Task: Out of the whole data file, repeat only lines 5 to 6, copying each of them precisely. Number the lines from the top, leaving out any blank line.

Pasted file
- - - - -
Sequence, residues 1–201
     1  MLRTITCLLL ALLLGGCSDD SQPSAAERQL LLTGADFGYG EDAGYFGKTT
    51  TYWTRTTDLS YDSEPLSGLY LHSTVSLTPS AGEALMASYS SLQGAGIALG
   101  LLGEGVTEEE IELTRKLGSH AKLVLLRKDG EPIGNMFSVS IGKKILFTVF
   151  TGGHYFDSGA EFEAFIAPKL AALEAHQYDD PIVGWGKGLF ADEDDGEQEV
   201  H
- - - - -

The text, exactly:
   151  TGGHYFDSGA EFEAFIAPKL AALEAHQYDD PIVGWGKGLF ADEDDGEQEV
   201  H